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Saturday, May 18, 2024

Help! I’m Sneaking Into My Office. Is This So Wrong?

Dear OOO,

I'm sneaking into my office—which isn't illegal or anything; I'm following company protocol and doing it safely. But most of my colleagues aren't approved to go in, and I know some of them would love to. The secret is, I'm pretty happy to be away from everything else. I tell my family members that I'm going in to use the "better" equipment. I could try to advocate for my colleagues to be allowed in the office too, but I like being here alone, and I am afraid that if I draw attention to the fact that I'm going in, the company will cut off my access too. Should I feel bad about this?


As much as I do enjoy judging people’s life choices, I am pretty poorly equipped to tell you what to feel bad about, Anonymous. I toss and turn at night regretting all sorts of things I’ve done or not done, or just contemplated doing; the vast majority of those things are ones my friends have already told me are too trivial to merit further consideration. Humans as a species are very bad at applying rationality to their own emotions. So not to undercut my own authority, but I am skeptical about how much effect I can have on your guilt.


And you clearly have guilt here. You don’t mention particular colleagues, but I’m guessing you have one or two in mind who you know could really use a break from their own families. Perhaps you even feel that some of these folks deserve the escape more than you do—because their homes are smaller or their kids are louder.

That feeling, I can tell you conclusively, is a lie. I don’t care how much you love your job — work should never be your escape, and any suggestion to the contrary is a trick of pandemic-era capitalism. People don’t need to “deserve” a break from work or home or anything that’s weighing on them. Covid-era suffering is not a competition, and literally everyone needs time away from even the family members they love very much (not to mention the rest of them).

So let me suggest that your sense of shame over hoarding office privileges for yourself is less about the office itself and more about you not having an actual escape, one with no responsibilities or bosses or corporate rulebooks. Can you take a week’s vacation and rent a cabin in the woods by yourself? Can you take an afternoon off and go for a long walk, then indulge in a nap and a delicious meal? Taking time for yourself is more fraught than ever these days, but I’d argue it’s also more important.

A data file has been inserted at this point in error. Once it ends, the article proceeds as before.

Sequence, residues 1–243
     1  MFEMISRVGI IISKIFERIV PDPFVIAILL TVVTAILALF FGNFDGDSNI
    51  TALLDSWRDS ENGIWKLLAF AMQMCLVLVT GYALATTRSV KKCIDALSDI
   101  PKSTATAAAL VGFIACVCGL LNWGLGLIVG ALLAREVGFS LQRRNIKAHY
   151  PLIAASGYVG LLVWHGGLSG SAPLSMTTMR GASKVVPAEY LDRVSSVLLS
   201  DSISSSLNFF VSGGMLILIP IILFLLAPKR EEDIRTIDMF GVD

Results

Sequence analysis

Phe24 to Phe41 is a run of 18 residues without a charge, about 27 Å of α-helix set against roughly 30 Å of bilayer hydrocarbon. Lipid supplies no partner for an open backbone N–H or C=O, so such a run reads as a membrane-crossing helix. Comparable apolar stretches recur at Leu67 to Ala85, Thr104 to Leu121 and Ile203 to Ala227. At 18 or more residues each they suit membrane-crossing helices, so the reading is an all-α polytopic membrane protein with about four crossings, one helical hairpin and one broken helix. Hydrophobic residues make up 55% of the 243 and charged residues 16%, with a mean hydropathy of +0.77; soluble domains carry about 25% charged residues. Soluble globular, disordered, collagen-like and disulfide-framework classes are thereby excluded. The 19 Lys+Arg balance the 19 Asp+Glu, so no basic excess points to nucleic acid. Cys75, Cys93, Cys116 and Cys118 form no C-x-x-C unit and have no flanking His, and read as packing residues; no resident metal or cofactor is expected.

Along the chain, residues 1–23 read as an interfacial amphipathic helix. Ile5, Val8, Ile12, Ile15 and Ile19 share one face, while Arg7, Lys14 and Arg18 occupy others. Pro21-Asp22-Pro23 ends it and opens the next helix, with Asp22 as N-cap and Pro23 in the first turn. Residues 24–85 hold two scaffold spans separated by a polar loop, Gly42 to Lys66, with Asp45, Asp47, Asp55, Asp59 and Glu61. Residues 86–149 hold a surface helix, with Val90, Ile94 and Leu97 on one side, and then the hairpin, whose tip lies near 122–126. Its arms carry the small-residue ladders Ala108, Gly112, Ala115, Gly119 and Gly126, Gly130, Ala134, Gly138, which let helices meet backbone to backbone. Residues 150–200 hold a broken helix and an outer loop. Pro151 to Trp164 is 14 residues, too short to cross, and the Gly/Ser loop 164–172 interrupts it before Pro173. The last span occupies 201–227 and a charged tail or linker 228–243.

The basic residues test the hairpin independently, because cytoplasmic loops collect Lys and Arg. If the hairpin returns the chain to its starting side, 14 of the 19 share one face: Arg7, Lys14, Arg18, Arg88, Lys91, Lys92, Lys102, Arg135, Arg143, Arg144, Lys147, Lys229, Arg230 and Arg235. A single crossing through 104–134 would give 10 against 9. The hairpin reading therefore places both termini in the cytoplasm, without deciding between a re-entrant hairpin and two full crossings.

But back to the actual content of your question: You don’t need to feel badly about wanting time alone, but slamming the office door behind you isn’t very sporting. As with so many aspects of life under a pandemic, this problem is, however, actually about the system, not individual choices. Shaming you for being a little (understandably!) selfish is pointless; the true issue is that your employer doesn’t have good procedures in place. Tell someone involved in your company’s Covid task force (or whatever they have) that you’re not sure the rules are being equally applied, and that you suspect people on your team may want to work from the office sometimes. This is their problem to solve or at least explain. You could even suggest a system where people can reserve time to come in solo. Then file for a week off.

Dear OOO,

I need a definitive ruling on whether it’s acceptable to eat on Zoom calls. I feel weird about doing it, but none of my coworkers seem to, and I really hate having to push my lunch back when I have a meeting at noon. Should I brave chewing on video?

–James, Oakland, California

I am thrilled to present the Official Rules of Eating on Zooms. Please note that these rules are immutable and nonnegotiable. (Obviously this excludes people who need to eat at a certain time for medical or religious reasons.)

  1. Avoid if possible.
  2. If unavoidable, only eat when your camera is off or you are muted.
  3. If the meeting is with one or two coworkers you know well, eat away. If it’s a larger meeting and/or involves people much more senior to you or that you don’t often talk to, avoid.
  4. Will you be doing a lot of talking in the meeting? If you’re a core participant, you may not eat. If you’re a silent observer, mute (or turn off your video) and carry on.
  5. Choose non-crunchy, non-drippy, non-sloppy foods. No strands of pasta! No salad! No gloriously messy sub sandwiches! No Cheetos! (What are you going to do, lick the dust off your fingers?)
  6. If you need to eat, play it cool—no apologizing for eating on the Zoom, no mention of what you’re eating.

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